How We Almost Ate At Ye Waverly Inn

May 22, 2007 | By | COMMENTS


Dear Graydon Carter,

Hi, you don’t know me, I’m just a silly food blogger who likes to eat out sometimes. For example, yesterday I went to a Mexican restaurant in my neighborhood (Los Pollitos in Park Slope) and it was very tasty. We showed up there at 7 PM, without a reservation, and they sat us immediately. Granted, the food is very basic–I had a chicken burrito–but it’s nice to know it’s there. If I ever want a burrito, I can go there and that makes me happy.

Your restaurant, Ye Waverly Inn, seems to function in a different way. For starters: you don’t serve burritos. More importantly, though, you don’t take reservations. In fact, when people try to call your restaurant, they get a pre-recorded message that gives directions to the restaurant without taking messages. In other words: unless you know somebody who knows somebody, you can’t eat there. You’ve made the place a very exclusive joint.

Normally, this would be a really bad business model. Imagine a dentist who doesn’t take appointments and who only does dental work on people he knows. He’d be sucking lots of nitrous oxide to wile the time away. Only a dentist is not a restaurant; the dental profession thrives on consistency and skill; the restaurant business thrives on the very thing you’ve created with your restaurant: buzz.

Only, you’ve done it in a very clever way. You can justify your restaurant’s stand-offishness because (a) you claim that the restaurant isn’t open (your outgoing message says it’ll open in the fall); and (b) even though it is open and people are eating there, you claim it’s more of a private club, for people connected to you and the magazine. So no one can be mad for not being allowed into a private dinner right? I wasn’t mad when Angela Perkins had a birthday party in middle school that I wasn’t invited to, was I? I moved on with my life. And I’m happy to do that with your Waverly Inn.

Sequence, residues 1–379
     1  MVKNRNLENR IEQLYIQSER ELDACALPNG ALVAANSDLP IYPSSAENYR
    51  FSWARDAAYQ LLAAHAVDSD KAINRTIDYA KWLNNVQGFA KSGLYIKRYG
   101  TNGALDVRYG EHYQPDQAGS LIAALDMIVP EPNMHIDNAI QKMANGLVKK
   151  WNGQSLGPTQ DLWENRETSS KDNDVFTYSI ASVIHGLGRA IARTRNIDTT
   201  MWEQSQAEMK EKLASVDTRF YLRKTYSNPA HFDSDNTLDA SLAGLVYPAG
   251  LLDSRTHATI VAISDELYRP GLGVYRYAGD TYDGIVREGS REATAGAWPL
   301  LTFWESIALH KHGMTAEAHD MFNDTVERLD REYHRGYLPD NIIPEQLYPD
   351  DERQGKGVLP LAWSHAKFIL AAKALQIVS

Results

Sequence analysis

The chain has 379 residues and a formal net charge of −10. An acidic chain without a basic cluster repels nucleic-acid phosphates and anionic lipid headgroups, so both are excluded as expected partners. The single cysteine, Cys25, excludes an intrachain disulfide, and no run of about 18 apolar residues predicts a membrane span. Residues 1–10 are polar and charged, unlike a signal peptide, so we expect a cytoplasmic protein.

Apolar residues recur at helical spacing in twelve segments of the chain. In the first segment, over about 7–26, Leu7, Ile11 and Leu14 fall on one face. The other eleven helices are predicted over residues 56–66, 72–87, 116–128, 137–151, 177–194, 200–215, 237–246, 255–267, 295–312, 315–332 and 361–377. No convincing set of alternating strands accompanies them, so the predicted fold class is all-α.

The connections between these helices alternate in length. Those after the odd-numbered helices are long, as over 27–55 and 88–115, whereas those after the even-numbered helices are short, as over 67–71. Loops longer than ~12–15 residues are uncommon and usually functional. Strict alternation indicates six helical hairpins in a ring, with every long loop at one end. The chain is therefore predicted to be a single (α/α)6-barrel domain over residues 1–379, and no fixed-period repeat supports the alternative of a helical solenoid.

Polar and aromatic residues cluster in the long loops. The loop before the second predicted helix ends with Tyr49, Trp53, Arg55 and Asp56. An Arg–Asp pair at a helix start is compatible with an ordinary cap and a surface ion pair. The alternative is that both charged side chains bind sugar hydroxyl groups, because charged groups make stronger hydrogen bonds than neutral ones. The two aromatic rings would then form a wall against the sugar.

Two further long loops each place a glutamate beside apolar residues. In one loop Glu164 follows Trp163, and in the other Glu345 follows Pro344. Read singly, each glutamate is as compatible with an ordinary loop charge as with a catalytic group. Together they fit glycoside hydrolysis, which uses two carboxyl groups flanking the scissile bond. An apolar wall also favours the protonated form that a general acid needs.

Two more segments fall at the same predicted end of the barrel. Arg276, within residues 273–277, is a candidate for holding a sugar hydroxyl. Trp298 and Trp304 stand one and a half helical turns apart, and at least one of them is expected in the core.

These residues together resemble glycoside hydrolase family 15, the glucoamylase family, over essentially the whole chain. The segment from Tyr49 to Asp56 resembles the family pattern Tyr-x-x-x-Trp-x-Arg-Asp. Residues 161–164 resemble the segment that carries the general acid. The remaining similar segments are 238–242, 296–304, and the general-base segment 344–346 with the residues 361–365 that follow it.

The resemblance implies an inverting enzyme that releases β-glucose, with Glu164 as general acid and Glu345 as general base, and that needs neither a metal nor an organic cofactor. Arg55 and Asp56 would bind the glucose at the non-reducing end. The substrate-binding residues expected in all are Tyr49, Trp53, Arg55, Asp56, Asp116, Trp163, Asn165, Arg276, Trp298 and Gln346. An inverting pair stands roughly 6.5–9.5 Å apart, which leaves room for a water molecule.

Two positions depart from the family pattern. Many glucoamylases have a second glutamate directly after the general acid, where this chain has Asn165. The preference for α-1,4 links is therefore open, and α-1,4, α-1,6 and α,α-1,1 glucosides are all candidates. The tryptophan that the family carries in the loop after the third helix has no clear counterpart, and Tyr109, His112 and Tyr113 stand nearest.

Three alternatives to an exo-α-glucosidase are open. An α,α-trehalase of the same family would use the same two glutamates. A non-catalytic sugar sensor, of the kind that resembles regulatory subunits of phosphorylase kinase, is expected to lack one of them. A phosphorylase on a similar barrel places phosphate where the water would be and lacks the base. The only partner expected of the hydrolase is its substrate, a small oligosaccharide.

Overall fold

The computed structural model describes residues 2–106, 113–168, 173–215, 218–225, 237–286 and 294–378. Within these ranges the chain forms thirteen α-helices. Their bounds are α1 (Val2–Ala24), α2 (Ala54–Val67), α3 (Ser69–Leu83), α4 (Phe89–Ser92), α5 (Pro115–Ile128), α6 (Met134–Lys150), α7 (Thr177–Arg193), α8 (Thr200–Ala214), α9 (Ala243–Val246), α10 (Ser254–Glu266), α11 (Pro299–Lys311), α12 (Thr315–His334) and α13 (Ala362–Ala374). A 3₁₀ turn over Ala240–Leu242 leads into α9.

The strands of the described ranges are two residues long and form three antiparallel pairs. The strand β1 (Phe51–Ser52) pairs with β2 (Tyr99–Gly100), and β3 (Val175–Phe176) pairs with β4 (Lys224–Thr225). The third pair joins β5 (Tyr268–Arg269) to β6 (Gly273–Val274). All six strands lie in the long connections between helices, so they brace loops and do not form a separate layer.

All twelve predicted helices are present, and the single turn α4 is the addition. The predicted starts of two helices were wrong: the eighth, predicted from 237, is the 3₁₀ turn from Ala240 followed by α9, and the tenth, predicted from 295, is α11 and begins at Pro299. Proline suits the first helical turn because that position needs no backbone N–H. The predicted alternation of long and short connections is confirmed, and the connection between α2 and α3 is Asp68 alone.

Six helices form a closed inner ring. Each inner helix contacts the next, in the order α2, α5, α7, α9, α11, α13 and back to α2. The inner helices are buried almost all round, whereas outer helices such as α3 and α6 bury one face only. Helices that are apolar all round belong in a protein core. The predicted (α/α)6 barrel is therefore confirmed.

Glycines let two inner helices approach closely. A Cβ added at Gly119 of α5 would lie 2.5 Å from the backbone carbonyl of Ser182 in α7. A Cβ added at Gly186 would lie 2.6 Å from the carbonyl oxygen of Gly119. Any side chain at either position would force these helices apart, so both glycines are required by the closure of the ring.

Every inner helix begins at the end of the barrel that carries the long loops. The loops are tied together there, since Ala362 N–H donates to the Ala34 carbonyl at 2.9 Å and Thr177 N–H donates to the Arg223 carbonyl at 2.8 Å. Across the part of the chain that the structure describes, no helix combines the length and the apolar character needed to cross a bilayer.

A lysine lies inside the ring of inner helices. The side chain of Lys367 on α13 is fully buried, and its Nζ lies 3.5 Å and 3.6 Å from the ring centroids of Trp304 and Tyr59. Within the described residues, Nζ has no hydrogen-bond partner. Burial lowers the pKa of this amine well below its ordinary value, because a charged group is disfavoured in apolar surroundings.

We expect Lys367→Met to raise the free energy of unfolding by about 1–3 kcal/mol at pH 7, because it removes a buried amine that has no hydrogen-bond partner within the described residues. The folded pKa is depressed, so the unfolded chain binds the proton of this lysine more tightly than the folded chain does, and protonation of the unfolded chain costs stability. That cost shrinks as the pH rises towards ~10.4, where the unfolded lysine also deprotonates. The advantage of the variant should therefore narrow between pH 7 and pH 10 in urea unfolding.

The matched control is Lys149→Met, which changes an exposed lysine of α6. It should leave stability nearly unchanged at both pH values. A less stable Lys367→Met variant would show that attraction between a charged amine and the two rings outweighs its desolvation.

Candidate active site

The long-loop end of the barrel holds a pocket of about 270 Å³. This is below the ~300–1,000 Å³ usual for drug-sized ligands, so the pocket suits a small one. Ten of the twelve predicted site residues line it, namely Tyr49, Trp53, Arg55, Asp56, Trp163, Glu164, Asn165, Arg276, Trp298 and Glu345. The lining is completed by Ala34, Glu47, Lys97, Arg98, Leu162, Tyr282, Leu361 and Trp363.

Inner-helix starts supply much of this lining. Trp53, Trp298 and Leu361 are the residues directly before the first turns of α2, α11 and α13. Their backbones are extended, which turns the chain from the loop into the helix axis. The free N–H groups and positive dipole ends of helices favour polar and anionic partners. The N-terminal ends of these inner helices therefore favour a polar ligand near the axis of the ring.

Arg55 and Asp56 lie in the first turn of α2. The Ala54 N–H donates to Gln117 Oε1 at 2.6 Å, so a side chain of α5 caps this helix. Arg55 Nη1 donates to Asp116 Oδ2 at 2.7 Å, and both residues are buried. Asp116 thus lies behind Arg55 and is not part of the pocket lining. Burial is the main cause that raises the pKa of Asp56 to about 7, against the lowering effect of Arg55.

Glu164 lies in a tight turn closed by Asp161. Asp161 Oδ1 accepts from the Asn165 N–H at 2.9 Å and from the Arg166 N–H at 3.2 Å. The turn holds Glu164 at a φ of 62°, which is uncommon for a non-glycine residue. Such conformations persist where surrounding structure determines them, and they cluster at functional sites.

Except, last week my parents were in town for my dad’s birthday. They were staying at a hotel–I’d rather not say which, in case you want to get into THEIR private dinner party (if you know what I mean)–and the hotel concierge, who they’ve known for years, told them that, if they liked, he could make a reservation for us at one of the hottest restaurants in New York: Ye Waverly Inn. “What we do,” said the concierge, “is we send a page to the restaurant a few days before in person. They secure the reservation and then we confirm the reservation with you.”

And that’s exactly what happened. My parents were thrilled. I was mildly enthused–I heard the food wasn’t so great–but I thought it would be cool to see what all the buzz was about. Maybe we’d see some glitterati. Or literati. Or both: Diane Von Furstenberg with Joan Didion sharing Mac & Cheese.

We showed up at the restaurant at 6:30, the time of our reservation. Actually, my parents were already there; I came (with Craig, my boyfriend ) a tiny drop after. We walked in expecting to see my parents at a table. Instead, we saw them talking to the host with disappointed looks on their faces.

“They don’t have our reservation,” said my mom.

I looked up at the host. “Really?” I asked. “Don’t you have a print-out?” I asked my mom.

“I do,” she said. “But they say that the person who the hotel made the reservation with–Courtney–doesn’t work here.”

“That’s weird,” I said.

“We don’t have a Courtney here,” confirmed the host. “And tonight we have a private dinner party, so we wouldn’t have taken the reservation.”

Was he calling my mom a liar? The hotel? Courtney?

Honestly, Graydon, I didn’t really care. I was over it. Instead, I was already brainstorming our many other restaurant options there in the West Village. And wouldn’t you know it, one of my favorite restaurants in New York–maybe in the world–Blue Hill, when we called, was incredibly gracious and agreed to take us in at 7. All we had to do was walk over.